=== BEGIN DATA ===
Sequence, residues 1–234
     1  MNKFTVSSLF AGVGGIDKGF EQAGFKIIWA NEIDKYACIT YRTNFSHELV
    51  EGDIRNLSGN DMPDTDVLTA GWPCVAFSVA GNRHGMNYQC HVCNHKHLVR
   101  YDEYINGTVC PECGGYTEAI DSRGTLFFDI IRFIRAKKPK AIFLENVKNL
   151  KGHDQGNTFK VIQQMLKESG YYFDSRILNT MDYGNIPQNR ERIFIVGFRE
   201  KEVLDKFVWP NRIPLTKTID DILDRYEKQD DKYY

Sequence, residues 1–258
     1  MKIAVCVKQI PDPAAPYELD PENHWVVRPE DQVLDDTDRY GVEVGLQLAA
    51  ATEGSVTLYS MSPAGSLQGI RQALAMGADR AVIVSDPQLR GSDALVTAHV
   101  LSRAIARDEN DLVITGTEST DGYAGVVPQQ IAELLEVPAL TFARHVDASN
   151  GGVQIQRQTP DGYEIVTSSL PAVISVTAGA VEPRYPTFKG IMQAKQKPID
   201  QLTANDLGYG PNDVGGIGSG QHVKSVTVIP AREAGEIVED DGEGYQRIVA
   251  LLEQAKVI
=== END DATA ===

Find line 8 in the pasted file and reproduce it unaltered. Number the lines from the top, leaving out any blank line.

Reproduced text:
     1  MKIAVCVKQI PDPAAPYELD PENHWVVRPE DQVLDDTDRY GVEVGLQLAA